April 17, 2020
I like hope, not discouragement. I like positive, not negative. I like friendly, not hate. I like social, not isolation. I like planned, not surprised.
So, guess what! I am not particularly enjoying this COVID-19 self-isolation. I can read, take naps, and bake more than usual. I can adjust my retirement schedule so there are fewer meetings. But I am still out of sorts. My extroverted self is making big adjustments. I am learning a new routine, a new discipline, a new pattern.
While this time in the life of our country, city, and neighborhood is new, disorienting, and worrisome, it is nothing compared to that of the early disciples of Jesus. This year’s lectionary reading for Easter was Matthew 28—a drama for sure. The horror of crucifixion is over. The death of Jesus is final. While I cannot imagine the torture of Jesus, history records that crucifixion was a common punishment for crime in that era, often with spectators. Even our biblical texts record that women stayed close to this awful scene. They were faithful disciples and family members. The tragedy was viewed by the mother of Jesus—an impossibly difficult experience. Again, I cannot imagine such pain.
It is therefore even more startling that the first words out of Jesus’s mouth after resurrection are “Don’t be afraid.” Surely the women were beside themselves with grief, loss, trauma, and fear. Surely, they might have imagined themselves as the next victims of the state. Surely, they were sleep-deprived, anxious, and confused. Yet Jesus meets them with the exact words they needed to hear: “Don’t be afraid.”
It’s been debated which fear Jesus was addressing. Was it the fear of death? Or, was it fear of seeing him in the flesh? Was it fear of the authorities? Or, was it fear of the future? No doubt it was a jumble of all these fears.
We can relate even in 2020. We have many fears. We have seen hundreds of television images of emergency rooms crowded with dying patients and stressed medical staff. We have seen refrigerated trucks waiting to hold bodies of those who died of COVID-19. Many people have lost jobs, income, and employment. The stock market has riddled retirement incomes. Fears? There are plenty.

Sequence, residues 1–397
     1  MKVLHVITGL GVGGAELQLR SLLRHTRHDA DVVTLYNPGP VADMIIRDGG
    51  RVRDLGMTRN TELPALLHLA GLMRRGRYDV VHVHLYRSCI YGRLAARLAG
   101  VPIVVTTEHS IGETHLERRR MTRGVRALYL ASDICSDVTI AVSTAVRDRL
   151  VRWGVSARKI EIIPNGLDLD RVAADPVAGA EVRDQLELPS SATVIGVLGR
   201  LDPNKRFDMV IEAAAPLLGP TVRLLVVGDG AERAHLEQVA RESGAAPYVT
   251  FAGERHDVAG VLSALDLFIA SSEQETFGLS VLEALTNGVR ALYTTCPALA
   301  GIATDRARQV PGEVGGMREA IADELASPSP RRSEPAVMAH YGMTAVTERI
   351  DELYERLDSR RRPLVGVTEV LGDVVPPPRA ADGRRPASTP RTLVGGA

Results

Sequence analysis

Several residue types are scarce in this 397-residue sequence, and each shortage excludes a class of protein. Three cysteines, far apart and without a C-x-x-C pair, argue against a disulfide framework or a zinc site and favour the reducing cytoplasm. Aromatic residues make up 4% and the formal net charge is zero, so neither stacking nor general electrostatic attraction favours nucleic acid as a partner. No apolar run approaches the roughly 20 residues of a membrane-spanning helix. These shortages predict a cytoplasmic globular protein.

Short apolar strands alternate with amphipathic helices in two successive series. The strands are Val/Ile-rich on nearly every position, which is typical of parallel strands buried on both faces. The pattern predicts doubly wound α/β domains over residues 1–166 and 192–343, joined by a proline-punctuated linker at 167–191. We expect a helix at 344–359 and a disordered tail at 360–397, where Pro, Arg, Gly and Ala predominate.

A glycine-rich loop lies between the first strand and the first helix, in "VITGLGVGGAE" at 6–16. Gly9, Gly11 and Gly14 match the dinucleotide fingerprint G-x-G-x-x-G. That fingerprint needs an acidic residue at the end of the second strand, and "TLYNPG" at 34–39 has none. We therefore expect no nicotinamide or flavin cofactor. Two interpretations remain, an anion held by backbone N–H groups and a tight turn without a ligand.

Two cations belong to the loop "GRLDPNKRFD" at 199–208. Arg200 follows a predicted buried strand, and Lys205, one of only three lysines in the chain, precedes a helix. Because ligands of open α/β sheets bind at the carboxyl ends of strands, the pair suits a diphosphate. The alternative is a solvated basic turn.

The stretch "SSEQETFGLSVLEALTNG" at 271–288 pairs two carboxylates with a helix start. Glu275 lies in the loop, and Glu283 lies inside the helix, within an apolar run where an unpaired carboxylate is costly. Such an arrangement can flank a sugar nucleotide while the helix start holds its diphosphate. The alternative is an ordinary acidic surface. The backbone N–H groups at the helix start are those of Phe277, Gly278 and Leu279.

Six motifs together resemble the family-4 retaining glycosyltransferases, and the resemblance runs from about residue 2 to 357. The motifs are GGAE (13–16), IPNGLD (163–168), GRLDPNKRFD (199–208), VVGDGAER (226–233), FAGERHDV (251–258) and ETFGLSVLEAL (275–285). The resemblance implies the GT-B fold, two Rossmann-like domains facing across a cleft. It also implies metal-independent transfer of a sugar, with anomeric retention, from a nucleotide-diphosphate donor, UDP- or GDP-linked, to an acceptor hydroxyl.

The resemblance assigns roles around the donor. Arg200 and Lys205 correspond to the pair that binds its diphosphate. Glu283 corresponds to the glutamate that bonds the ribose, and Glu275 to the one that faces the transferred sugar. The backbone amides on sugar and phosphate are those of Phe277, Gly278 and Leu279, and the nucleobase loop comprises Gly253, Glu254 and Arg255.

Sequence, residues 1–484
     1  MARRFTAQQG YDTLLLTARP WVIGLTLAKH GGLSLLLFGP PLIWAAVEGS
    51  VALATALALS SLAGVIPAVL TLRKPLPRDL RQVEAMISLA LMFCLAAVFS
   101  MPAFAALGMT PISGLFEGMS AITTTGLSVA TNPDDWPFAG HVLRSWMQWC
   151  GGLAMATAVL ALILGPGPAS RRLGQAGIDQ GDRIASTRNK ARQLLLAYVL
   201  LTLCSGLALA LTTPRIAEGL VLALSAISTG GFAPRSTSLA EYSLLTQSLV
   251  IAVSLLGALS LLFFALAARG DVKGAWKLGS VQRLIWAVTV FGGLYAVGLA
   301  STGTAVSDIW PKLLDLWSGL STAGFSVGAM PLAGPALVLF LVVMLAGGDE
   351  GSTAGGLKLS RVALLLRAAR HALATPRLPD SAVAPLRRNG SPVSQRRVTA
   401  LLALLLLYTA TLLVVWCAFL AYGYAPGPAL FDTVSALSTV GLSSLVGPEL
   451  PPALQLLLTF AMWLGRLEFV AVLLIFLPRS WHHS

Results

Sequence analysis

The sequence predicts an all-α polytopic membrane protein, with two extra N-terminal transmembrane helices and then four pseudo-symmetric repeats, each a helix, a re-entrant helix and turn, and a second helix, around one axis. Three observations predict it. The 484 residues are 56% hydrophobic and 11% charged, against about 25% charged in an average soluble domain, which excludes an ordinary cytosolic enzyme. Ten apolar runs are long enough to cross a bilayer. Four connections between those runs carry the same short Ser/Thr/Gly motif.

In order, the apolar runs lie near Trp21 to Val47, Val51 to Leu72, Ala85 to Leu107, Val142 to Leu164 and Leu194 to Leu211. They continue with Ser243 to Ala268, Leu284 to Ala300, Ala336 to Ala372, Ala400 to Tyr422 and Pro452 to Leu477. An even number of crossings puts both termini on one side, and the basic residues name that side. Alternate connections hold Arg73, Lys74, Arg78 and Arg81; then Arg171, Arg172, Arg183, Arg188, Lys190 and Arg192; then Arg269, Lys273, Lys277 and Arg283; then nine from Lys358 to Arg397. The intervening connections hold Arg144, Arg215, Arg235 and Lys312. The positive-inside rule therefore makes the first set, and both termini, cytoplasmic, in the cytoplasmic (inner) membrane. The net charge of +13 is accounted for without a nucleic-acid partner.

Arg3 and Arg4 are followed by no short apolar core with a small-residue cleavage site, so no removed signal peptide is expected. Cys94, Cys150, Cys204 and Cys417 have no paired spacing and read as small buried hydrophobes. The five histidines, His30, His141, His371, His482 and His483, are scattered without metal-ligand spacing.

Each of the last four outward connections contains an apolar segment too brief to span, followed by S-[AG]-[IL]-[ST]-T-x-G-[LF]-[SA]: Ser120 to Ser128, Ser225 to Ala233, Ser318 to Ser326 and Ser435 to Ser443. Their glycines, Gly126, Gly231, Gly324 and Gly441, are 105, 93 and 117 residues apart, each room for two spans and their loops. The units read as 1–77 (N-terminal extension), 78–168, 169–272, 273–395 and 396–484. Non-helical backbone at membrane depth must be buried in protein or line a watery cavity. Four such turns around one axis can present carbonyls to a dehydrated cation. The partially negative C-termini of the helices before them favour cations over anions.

Those who have mental and behavioral issues are doubly stressed. A disease of the mind alters everything and puts daily stresses on life. How can patients cope with the added stress of an entire disrupted society? How can clients rely on past ideas when today seems completely different? Again, the words of Jesus are profound and relevant to patients at Prairie View. “Don’t be afraid.” Jesus spoke to those who were friends, his close associates, his disciples. These were caregivers. These were the ones who did not leave—even when faced with crucifixion. These women, these relatives, stayed with Jesus and then received a direct word of encouragement from the one who defied death. “Don’t be afraid.”
Today, those who are close to us—doctors, therapists, social workers, staff, friends, family, neighbors, church members—are still the ones who are speaking “Don’t be afraid” to us. Regardless of our situations, we are helped by those who speak kind words of support, compassion, and care to us.
Hear these words and repeat these words. “Don’t be afraid.” Speak them out loud. Speak them to yourself over and over. In these times, take time to remember that Jesus conquered death and then spoke these most important words to his disciples.
I decided that he is speaking those same words to all of us today. “Don’t be afraid.”
Rev. Dorothy Nickel Friesen is a retired Mennonite minister and denominational minister who served on the Prairie View Board and is a member of the Chaplaincy Advisory Committee. She lives in Newton, Kan.